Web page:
TSA studies GA airport security
A survey mandated by Congress could lead to a grant program for security enhancements at general aviation airports. But AOPA cautioned the Transportation Security Administration (TSA) that the results of the survey should be used for the allocation of funding, not the imposition of requirements.
The 9/11 Commission Recommendation Act of 2007 required the TSA to develop and implement a standardized threat and vulnerability assessment program for approximately 3,000 GA airports that have a runway of at least 2,000 feet and those near major metropolitan areas, high-value targets or close to permanent prohibited areas such as the presidential retreat at Camp David, Md.
Survey Results In
The TSA met with GA associations in late June to discuss the preliminary results of the Airport Vulnerability Assessment Survey that it distributed in January. The survey is the first step in obtaining data for the agency to determine how to develop a dedicated security grant program for GA airports. Currently, the only federal grants for GA airports are administered by the FAA and are typically provided for safety enhancement, not security.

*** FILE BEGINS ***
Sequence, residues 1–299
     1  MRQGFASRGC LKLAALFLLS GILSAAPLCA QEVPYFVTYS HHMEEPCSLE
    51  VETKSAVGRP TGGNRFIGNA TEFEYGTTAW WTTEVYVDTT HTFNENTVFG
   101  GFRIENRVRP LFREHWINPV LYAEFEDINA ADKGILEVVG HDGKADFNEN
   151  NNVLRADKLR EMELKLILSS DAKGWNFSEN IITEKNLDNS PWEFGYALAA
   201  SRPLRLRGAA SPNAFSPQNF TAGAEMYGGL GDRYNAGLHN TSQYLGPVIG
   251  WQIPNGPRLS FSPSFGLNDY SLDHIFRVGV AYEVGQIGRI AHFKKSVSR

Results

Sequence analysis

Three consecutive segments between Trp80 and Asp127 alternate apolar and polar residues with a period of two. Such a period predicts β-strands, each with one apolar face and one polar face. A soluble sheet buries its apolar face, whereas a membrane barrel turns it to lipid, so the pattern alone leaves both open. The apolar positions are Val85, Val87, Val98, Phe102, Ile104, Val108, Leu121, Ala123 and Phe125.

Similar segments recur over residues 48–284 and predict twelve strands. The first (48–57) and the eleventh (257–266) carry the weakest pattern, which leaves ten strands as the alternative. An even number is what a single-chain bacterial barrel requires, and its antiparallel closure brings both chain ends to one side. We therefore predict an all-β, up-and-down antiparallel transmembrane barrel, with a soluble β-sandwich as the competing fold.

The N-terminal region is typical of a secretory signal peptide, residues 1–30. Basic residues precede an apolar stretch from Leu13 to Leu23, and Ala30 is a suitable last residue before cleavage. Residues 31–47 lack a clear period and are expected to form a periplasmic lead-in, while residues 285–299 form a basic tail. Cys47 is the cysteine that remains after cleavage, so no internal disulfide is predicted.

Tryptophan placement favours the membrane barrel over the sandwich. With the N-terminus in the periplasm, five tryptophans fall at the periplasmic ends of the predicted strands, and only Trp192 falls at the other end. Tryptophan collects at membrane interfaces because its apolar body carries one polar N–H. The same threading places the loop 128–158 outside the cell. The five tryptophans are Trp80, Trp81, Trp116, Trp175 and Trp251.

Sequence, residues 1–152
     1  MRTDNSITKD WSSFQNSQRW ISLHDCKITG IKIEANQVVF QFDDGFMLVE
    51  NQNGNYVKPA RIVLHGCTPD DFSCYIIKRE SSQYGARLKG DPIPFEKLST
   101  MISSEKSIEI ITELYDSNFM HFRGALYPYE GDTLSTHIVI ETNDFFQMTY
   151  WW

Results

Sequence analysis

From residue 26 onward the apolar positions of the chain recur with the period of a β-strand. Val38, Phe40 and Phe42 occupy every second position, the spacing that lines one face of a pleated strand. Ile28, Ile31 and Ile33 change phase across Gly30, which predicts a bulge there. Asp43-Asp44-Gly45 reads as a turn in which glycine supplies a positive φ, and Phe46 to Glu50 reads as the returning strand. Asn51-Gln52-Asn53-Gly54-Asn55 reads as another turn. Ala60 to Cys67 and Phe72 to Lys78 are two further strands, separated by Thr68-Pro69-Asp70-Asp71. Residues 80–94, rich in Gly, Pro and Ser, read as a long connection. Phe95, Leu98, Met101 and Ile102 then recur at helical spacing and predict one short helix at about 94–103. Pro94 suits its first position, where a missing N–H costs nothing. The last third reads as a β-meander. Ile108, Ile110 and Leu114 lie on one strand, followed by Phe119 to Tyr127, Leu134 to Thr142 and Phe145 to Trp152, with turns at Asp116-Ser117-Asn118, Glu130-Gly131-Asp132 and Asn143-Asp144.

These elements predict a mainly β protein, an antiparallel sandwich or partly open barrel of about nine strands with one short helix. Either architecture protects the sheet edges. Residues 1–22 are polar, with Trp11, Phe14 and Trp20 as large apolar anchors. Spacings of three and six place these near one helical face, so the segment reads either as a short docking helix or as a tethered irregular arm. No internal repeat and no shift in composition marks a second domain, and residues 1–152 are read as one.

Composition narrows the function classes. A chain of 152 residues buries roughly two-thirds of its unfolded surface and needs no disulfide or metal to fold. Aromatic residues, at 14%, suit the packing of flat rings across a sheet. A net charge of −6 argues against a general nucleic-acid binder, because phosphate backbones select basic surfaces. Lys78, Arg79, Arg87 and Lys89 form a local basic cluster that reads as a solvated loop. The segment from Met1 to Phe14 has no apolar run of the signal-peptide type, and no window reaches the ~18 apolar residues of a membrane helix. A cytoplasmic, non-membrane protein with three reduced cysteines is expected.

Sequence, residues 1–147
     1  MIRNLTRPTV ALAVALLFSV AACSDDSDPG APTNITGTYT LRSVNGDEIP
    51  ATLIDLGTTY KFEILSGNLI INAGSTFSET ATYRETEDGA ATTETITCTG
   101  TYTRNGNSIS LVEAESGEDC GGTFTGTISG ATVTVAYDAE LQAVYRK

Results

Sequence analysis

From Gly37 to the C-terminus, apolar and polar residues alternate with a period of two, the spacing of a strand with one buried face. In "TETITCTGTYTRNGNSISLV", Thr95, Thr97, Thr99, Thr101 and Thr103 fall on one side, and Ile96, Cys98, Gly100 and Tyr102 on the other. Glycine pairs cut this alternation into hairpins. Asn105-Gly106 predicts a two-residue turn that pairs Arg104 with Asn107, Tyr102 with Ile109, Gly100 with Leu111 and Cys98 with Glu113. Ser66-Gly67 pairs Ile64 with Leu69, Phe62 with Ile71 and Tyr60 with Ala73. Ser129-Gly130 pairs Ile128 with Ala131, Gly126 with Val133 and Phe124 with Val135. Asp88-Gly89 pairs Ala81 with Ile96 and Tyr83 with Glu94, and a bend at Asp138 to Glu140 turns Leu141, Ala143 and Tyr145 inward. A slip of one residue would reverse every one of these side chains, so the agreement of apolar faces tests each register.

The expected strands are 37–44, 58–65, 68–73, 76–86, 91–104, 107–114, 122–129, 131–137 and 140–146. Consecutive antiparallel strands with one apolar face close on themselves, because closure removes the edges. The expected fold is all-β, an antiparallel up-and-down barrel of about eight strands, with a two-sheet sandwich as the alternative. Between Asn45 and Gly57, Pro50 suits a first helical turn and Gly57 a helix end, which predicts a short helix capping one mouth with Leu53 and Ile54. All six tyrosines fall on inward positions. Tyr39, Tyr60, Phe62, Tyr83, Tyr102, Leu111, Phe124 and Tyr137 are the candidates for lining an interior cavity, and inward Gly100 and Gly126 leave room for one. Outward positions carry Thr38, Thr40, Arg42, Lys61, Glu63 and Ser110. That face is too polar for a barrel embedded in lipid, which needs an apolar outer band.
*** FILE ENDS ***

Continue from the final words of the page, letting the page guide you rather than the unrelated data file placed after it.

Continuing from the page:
The TSA used the survey to gain a baseline understanding of what security measures GA airport officials would like to see implemented at their airports. Of the approximately 1,200 respondents, the top enhancement preferred was perimeter fencing, followed by closed-circuit television and improved lighting, the agency revealed.
Before the TSA establishes a grant program to fund security improvements at airports that request them, the agency plans to conduct site visits to certain airports to validate the data from the survey, and then begin to establish criteria and a mechanism for providing grants and financial aid. Any grant program must then be approved by Congress in a Department of Homeland Security (DHS) funding bill.